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First-Class Functions in JavaScript

By Nick Scialli on August 01, 2019

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Introduction

JavaScript has first-class functions. This means functions can be treated like other values, which turns out to be incredibly important behavior to understand as you advance as a JavaScript developer. The following three bullets represent important first-class function behavior:

  • Functions can be assigned to variables
  • Functions can be passed as arguments to other functions
  • Functions can be returned from other functions

Let’s explore each of these bullets using basic examples and then bring it all together at the end with a couple more complex, real-world examples!

Assigning Functions to Variables

Let’s create a function that returns the text "Hello" and then assign that function to a variable creatively named sayHello.

const sayHello = () => {
  return 'Hello';
};

console.log(sayHello());
// "Hello"

Pretty basic! Let’s move on.

Passing a Function as an Argument

Let’s take the aforementioned sayHello function and pass it as an argument to another function. This other function will say hello to a particular person.

const sayHelloToPerson = (greeter, person) => {
  return greeter() + ' ' + person;
};

console.log(sayHelloToPerson(sayHello, 'John'));
// Hello John

A quick note on what happens when we pass the sayHello function to sayHelloToPerson: within the sayHelloToPerson function, the variable greeter will now point to the sayHello function in memory. When we call greeter(), the function is called!

Note: I’d normally use template literals in this case (i.e., return `${greeter()} ${person}`), but didn’t want template literal syntax to muddy the water in this example!

Return a Function from Another Function

Maybe we don’t alway want to say "Hello", but rather want the choice of creating any number of different types of greeters. Let’s use a function that lets us create greeter functions.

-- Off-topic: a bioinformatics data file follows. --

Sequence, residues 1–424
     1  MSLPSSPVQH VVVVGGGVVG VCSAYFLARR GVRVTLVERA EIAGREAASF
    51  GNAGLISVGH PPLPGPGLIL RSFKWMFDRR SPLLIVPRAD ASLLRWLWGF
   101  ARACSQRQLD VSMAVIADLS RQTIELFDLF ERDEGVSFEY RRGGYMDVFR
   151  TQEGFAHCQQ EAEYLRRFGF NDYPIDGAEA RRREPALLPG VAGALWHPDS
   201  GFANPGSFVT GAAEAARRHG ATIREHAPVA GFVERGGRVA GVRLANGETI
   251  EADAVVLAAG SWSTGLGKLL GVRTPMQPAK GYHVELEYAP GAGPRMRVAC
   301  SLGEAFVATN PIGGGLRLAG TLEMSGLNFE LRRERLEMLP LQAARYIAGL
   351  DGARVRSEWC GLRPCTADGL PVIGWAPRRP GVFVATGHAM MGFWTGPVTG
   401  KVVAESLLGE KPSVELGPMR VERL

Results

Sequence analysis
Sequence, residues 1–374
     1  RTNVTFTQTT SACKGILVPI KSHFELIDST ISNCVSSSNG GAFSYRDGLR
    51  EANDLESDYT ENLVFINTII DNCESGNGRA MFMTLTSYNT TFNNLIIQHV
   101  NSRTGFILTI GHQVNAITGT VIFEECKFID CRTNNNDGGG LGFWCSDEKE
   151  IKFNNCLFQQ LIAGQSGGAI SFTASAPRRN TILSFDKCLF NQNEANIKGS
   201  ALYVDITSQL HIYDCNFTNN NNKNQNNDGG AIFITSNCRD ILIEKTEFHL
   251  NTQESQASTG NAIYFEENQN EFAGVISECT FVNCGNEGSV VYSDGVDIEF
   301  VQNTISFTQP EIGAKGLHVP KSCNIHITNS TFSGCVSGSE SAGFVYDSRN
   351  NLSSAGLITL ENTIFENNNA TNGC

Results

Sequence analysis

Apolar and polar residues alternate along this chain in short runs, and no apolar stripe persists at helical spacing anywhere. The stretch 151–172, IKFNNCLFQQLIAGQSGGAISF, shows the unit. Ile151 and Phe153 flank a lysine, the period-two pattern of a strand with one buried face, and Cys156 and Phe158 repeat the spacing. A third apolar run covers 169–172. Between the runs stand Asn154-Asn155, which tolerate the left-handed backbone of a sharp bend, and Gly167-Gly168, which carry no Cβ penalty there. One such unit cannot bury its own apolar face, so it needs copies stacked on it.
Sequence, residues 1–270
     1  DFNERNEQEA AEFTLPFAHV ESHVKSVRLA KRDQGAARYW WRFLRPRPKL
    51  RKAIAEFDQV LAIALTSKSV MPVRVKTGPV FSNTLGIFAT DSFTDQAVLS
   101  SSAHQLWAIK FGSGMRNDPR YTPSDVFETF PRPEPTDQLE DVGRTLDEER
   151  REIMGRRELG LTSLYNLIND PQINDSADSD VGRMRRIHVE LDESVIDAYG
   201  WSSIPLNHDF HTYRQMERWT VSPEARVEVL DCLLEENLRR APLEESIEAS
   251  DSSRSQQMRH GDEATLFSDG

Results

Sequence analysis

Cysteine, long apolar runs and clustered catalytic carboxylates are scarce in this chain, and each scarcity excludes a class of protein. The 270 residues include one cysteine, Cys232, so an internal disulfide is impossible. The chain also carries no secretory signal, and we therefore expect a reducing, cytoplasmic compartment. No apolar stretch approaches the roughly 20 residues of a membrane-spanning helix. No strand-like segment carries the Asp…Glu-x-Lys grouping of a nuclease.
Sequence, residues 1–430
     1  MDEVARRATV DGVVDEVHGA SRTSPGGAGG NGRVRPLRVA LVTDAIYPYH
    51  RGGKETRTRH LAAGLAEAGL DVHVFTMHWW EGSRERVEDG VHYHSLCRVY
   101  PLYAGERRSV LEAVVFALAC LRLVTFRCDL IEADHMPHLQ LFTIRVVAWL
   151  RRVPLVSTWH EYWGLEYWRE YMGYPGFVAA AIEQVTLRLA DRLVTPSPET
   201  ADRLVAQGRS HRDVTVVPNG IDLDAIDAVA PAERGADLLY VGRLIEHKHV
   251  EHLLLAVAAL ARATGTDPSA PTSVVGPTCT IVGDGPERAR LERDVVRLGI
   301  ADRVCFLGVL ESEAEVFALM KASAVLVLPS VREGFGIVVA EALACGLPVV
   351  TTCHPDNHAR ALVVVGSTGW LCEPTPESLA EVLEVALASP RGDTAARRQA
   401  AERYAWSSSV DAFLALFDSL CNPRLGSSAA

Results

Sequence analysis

const greeterMaker = greeting => {
  return person => {
    return greeting + ' ' + person;
  };
};

const sayHelloToPerson = greeterMaker('Hello');
const sayHowdyToPerson = greeterMaker('Howdy');

console.log(sayHelloToPerson('Joanne'));
// "Hello Joanne"

console.log(sayHowdyToPerson('Joanne'));
// "Howdy Joanne"

Our greeterMaker is a function that creates functions! Pretty nifty, right?

Some Fun, Real-World Use Cases

Now that we checked out the basics of first-class functions, let’s look at some real-world use cases!

Object Validation

Perhaps you have a bunch of criteria that an object (e.g., new user information) needs to pass to be considered “valid.” Let’s create a function that iterates over all our criteria and returns whether the object is valid or not.

const usernameLongEnough = obj => {
  return obj.username.length >= 5;
};

const passwordsMatch = obj => {
  return obj.password === obj.confirmPassword;
};

const objectIsValid = (obj, ...funcs) => {
  for (let i = 0; i < funcs.length; i++) {
    if (funcs[i](obj) === false) {
      return false;
    }
  }

  return true;
};

const obj1 = {
  username: 'abc123',
  password: 'foobar',
  confirmPassword: 'foobar',
};

const obj1Valid = objectIsValid(obj1, usernameLongEnough, passwordsMatch);
console.log(obj1Valid);
// true

const obj2 = {
  username: 'joe555',
  password: 'foobar',
  confirmPassword: 'oops',
};

const obj2Valid = objectIsValid(obj2, usernameLongEnough, passwordsMatch);
console.log(obj2Valid);
// false

If you’re relatively new to JavaScript, it might take you several read-throughs to understand what’s going on, but trust me, the payoff is great once you understand!

Note: If you’re unfamiliar with the rest operator (...), this simply allows all remaining arguments provided to the function to be put into an array by the specified name.

API Key Closure

Perhaps we have a situation where we want to connect to an API using an API key. We could add this key on every request, or, we could create a function that takes an API key parameter and returns functions that contain the API key with each request.

Important: Don’t put secret API keys in front-end code. Instead, imagine the following code is in a node-based back-end.

const apiConnect = apiKey => {
  const getData = route => {
    return axios.get(`${route}?key=${apiKey}`);
  };

  const postData = (route, params) => {
    return axios.post(route, {
      body: JSON.stringify(params),
      headers: {
        Authorization: `Bearer ${apiKey}`,
      },
    });
  };

  return { getData, postData };
};

const api = apiConnect('my-secret-key');

// No need to include the apiKey anymore
api.getData('http://www.example.com/get-endpoint');
api.postData('http://www.example.com/post-endpoint', { name: 'Joe' });

Conclusion

And there you have it! Hopefully by now you see that functions in JavaScript are truly first-class and how important functions can be to your JavaScript development career. I recommend practicing all sorts of ways to use functions in your code!


Nick Scialli

Nick Scialli is a software engineer at the U.S. Digital Service.

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